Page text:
Emma Raducanu is calling on the advice of England men's football captain Harry Kane as she seeks a deep run at the Australian Open.

Raducanu shot to stardom in 2021 when she became the youngest woman to win the US Open.

However, the 20-year-old heads to Melbourne ranked 77th in the world by the WTA, having only reached one semi-final – at the Korea Open in September – since her triumph at Flushing Meadows.

Raducanu has been nursing an ankle injury prior to the season's first grand slam, but that problem has now cleared up, and she revealed Tottenham star Kane has been offering his advice.

"Harry's obviously such a great role model and very professional and I think to be able to speak to him is really cool," Raducanu told the media. 

"We haven't spoken so much but he's obviously an outstanding player, and it's just pretty cool isn't it?

"For someone of his achievements, it's pretty remarkable how he’s so humble. I respect him a lot.

"It's obviously really cool to speak to some other athletes. I think it's good because we all kind of understand what each other are thinking and going through at times.

"And at the end of the day they're just really cool people as well."

Raducanu will face Tamara Korpatsch in her first match in Melbourne on Monday.

Vasek Pospisil has backed Novak Djokovic to win the Australian Open a year after the Serbian was unable to compete.

Djokovic was denied a place in last year's tournament when his refusal to have a COVID-19 vaccine led to him being detained in a Melbourne immigration centre and later deported.

With vaccination status no longer a condition of entry to the country, the nine-time Australian Open champion is back for this year's tournament, which begins on Monday.

Djokovic played doubles with Pospisil in his first match back in Australia earlier this month at the Adelaide International 1, and speaking to Stats Perform, the Canadian tipped his close friend to go all the way in Melbourne.

"I hope he wins it. I would consider him the favourite, absolutely," Pospisil said. "If you have to pick a favourite, it's hard to pick someone else.

"Having said that, obviously there are so many great players and incredible talents put together for one week, anything can happen, right? That's sport, but I would definitely put him as the favourite and if I had a choice if someone's winning other than myself, obviously, I would put him as the hopeful for the title.

"Also, given he had a tough, tough year obviously with what happened in the past."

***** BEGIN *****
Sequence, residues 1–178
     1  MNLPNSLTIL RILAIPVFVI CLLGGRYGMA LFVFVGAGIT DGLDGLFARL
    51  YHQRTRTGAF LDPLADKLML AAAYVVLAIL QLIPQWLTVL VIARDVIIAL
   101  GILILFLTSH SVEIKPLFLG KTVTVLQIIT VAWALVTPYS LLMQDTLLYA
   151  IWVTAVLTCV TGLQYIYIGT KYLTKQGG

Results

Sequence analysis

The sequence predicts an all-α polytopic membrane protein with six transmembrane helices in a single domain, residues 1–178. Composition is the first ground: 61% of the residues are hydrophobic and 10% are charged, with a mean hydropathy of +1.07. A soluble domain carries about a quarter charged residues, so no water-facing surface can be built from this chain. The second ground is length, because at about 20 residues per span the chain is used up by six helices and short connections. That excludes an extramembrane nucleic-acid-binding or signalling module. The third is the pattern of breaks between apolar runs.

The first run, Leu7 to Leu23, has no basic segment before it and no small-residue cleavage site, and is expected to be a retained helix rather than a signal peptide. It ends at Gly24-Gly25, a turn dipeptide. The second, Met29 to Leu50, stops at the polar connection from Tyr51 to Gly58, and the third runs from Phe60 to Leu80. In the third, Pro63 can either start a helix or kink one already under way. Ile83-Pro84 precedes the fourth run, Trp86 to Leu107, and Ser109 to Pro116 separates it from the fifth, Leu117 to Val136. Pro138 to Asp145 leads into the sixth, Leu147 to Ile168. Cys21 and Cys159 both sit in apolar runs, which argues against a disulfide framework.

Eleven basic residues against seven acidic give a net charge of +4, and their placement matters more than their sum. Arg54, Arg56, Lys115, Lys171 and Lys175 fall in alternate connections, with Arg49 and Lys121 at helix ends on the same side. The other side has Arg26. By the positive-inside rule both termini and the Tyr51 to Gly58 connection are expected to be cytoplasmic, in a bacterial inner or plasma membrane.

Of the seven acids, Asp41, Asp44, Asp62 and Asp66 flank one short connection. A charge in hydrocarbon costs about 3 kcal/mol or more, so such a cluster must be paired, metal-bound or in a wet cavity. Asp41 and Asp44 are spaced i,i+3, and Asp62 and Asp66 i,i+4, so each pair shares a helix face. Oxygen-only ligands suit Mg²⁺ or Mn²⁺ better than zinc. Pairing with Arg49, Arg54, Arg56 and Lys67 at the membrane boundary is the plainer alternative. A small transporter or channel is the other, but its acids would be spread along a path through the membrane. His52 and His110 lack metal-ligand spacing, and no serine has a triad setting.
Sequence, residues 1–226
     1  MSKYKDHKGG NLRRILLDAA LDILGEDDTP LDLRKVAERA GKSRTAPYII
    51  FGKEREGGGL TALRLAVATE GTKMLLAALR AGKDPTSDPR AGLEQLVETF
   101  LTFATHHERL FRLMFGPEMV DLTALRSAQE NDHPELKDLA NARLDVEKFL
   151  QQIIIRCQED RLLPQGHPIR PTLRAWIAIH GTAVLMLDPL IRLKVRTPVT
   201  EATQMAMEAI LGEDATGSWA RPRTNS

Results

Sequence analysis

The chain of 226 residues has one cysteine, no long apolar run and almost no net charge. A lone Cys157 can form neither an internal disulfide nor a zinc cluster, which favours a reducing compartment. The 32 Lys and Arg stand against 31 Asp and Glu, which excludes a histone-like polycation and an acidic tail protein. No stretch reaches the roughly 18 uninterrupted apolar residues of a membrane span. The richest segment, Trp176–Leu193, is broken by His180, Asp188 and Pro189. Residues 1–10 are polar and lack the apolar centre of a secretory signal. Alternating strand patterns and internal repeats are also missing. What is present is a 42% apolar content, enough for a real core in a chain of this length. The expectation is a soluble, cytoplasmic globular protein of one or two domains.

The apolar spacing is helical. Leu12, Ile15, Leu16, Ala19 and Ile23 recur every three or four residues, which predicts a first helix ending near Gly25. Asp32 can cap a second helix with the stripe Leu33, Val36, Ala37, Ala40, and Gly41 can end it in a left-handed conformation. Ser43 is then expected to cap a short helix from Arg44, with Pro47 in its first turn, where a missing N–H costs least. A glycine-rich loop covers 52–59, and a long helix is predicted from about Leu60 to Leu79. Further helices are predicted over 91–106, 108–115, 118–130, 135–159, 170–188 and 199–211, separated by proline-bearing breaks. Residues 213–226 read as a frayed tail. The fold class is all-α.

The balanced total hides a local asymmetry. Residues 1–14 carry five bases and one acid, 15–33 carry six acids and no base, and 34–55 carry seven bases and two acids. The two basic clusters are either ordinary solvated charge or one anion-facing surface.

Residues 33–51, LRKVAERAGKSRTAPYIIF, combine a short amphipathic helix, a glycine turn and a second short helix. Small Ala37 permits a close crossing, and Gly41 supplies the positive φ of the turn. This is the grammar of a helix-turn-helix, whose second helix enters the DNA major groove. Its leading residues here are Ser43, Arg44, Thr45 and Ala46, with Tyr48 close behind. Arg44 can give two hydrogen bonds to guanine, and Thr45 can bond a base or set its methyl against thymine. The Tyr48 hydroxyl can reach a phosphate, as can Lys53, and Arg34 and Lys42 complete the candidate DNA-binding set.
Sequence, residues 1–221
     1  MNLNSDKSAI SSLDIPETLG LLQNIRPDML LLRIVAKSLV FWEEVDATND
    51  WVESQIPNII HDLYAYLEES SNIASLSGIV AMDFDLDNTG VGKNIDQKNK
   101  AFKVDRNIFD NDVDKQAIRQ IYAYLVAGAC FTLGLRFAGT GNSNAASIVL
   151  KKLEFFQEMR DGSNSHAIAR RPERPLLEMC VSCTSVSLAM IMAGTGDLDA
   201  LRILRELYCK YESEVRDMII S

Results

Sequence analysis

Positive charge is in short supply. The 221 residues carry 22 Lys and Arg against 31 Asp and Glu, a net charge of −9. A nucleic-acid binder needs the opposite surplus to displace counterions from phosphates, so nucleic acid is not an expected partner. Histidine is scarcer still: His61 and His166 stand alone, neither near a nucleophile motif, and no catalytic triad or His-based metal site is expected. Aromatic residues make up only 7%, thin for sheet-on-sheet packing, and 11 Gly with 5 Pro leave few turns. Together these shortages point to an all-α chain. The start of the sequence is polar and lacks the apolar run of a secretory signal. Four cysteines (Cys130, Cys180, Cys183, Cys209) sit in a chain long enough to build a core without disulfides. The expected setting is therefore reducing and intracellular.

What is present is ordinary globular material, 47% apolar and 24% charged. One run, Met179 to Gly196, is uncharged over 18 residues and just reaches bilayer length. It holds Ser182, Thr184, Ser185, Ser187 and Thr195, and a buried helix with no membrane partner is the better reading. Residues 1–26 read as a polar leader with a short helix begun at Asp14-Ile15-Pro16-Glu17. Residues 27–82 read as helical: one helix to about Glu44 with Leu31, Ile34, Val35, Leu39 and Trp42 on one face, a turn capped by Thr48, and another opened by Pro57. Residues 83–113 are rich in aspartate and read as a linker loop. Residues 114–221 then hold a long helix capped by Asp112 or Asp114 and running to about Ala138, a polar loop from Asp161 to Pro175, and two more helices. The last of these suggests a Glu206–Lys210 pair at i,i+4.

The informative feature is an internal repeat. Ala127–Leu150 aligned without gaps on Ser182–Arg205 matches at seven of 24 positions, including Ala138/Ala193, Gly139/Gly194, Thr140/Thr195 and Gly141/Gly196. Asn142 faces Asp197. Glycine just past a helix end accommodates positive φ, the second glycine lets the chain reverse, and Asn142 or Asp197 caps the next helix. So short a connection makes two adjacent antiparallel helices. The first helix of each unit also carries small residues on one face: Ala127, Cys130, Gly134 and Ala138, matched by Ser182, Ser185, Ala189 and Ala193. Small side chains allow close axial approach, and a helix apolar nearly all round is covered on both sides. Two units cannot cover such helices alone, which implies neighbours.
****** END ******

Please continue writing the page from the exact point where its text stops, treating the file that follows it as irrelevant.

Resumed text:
Pospisil denied that the frustration of missing out last year would be a factor in Djokovic's motivation to do well this time, though.

"I think he's so motivated already with his ambitions in the sport and just in life in general," he added. "He's obviously a very driven individual, which is not something you need to hear from me to know, you can see that. I don't think it will necessarily be extra motivation.

"I feel like every time he's playing a grand slam, he's maximumly motivated. I do think he's going to have a great year and I don't think that anything that happened recently will affect him in a negative way.

"I think he showed that with how he played at Wimbledon last year [beating Nick Kyrgios in the final] just speaks volumes of his character and how strong he is an as an individual. It's very, very impressive that he was able to bounce back like that."

Pospisil, ranked 94th in the world, is also confident about his own prospects at the Australian Open, saying: "I'm actually feeling good. I had a really strong finish last year.

"The last couple of months, I took a bit [of time] coming back from an injury, so it took a bit to kind of get rolling, but I'm entering with confidence, getting my ranking back up slowly and had a really good preparation. [I am] training really hard, eating well and I feel like I'm ready to go."

The 32-year-old has been drawn against countryman Felix Auger Aliassime in the first round and appreciates the task at hand against the number six seed, who won three of his four ATP titles in 2022 in October before winning the Davis Cup alongside Pospisil in November.

"I would say arguably he was the most in-form player at the end of last year," Pospisil said. "Four or five tournaments in a row and beat the top players in the world. So obviously, extremely talented young player, very physical.

"I know his game quite well. I mean, I've known him for many years. He's a fellow Canadian and Davis Cup team-mate.

"I have a lot of confidence in my abilities, so I feel like if I'm playing well, then I can beat anybody on any given day. It's going to be a tough ask just because he's playing so well these days."